What are Smart Contracts?
Smart contracts are simply programs stored on a blockchain that run when predetermined conditions are met. They typically are used to automate the execution of an agreement so that all participants can be immediately certain of the outcome, without any intermediary’s involvement or time loss. They can also automate a workflow, triggering the next action when conditions are met. What makes smart contracts “smart,” however, is that the terms are established and executed as code running on a blockchain, rather than on paper sitting on a lawyer’s desk.
Supposedly, the idea was proposed in the 1990s by Nick Szabo, a pioneer of modern computer science, who defined them as a set of virtual promises with associated protocols to enforce them. Despite the name, smart contracts are not legally binding contracts. Their main function is to programmatically execute business logic that performs various tasks, processes or transactions that have been programmed into them to respond to a given set of conditions. Legal steps must be undertaken to link this execution to legally binding agreements between parties.
To illustrate the function and role of a smart contract, the analogy of a vending machine is most relevant. When buying a product on a vending machine, the underlying sale agreement is between the buyer and the owner of the vending machine, and the machine acts based on the actions of the buyer and instructions pre-set by the owner to perform the agreement between the parties.
Arguably, a smart contract is a tool to implement a sale agreement between the NFT owner and the buyer, like a vending machine. Smart contracts, being self-executing, are able to verify that the terms of the contract have been met and execute the terms without the need of an intermediary or central authority. Once implemented, the smart contract is updated and the code will become immutable as soon as it is logged on the blockchain. Since a smart contract’s code on a blockchain is public, any person who uses smart contracts and has the requisite coding skills can inspect the code and verify the authenticity of the smart contract.
Operations of a Smart Contract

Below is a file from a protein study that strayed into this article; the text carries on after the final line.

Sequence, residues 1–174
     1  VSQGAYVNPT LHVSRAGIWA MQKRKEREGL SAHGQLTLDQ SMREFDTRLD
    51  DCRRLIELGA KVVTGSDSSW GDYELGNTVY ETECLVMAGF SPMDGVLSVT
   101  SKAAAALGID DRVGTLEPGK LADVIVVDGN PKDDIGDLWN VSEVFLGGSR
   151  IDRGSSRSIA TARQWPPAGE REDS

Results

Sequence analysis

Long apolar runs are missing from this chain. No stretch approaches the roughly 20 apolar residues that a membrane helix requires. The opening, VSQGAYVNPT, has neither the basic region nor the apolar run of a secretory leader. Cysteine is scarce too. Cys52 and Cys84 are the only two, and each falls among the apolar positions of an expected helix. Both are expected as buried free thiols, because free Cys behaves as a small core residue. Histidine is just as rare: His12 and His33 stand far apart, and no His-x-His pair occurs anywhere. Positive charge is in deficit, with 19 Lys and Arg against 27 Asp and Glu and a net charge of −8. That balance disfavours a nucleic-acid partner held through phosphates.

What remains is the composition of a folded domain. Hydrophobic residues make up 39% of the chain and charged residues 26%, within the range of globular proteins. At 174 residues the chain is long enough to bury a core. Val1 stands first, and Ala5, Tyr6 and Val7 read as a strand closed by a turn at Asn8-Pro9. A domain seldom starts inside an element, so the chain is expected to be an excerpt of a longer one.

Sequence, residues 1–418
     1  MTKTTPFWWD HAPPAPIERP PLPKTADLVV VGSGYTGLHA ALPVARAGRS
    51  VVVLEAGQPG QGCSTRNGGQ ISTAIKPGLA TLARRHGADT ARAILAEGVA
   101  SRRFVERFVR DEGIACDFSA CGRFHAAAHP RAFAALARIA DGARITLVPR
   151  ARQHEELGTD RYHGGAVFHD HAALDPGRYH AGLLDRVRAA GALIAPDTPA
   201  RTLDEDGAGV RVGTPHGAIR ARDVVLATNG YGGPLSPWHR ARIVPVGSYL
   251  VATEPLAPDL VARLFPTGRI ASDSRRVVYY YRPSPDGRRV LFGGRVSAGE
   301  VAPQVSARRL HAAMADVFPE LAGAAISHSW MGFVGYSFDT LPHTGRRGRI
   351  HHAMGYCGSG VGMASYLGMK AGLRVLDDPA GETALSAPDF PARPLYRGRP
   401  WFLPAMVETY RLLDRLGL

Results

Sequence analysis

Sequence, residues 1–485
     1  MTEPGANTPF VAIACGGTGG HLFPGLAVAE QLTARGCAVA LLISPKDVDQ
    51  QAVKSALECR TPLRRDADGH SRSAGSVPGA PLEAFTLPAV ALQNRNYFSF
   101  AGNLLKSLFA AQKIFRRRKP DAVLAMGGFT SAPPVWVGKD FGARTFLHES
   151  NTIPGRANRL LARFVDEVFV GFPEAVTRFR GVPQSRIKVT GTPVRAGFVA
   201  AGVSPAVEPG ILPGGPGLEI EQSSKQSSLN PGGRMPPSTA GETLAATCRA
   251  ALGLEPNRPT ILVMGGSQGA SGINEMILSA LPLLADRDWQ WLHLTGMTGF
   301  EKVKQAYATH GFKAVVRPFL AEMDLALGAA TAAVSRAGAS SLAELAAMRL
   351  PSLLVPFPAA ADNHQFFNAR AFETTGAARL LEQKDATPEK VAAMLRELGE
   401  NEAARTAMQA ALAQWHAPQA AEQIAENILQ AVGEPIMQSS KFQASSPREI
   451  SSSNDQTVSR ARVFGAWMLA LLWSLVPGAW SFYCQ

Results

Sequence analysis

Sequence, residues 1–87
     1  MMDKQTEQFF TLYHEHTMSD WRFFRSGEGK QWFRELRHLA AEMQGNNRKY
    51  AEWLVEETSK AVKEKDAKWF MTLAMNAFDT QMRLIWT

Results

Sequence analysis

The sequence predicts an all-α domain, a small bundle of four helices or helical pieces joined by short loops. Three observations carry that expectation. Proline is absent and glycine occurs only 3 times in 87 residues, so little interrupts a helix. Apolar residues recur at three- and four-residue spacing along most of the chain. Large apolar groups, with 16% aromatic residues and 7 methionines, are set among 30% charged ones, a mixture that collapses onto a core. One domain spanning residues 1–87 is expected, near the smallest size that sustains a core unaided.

The operation of a smart contract is similar to other blockchain transfers. These are the necessary steps:
- A user initiates a transaction from their blockchain wallet.
- The transaction arrives at the distributed database, where the identity is confirmed.
- The transaction, which may be a transfer of funds, is approved.
- The transaction includes the code that defines what type of transaction is to be executed.
- The transactions are added as a block within the blockchain.
Any change in contract status follows the same process to be updated.
NFTs and Smart Contracts
NFTs are minted through smart contracts that assign ownership and manage the transferability of the NFT’s. When someone creates or mints an NFT, they execute code stored in smart contracts that conform to different standards, such as ERC-721. This information is added to the blockchain where the NFT is being managed
NFTs use identification codes and metadata that is logged and authenticated on cryptocurrency blockchains, which renders each NFT represented on the blockchain a unique asset. The smart contract contains information regarding the NFT including the creator of the work, other parties’ entitled to royalties each time the NFT is sold, and the ownership history of the work. Most NFTs are not stored on the blockchain as storing that much data on the blockchain is expensive and consumes a lot of electricity. Therefore, smart contracts usually contain a link to the work they represent which can be accessed by the owner only.
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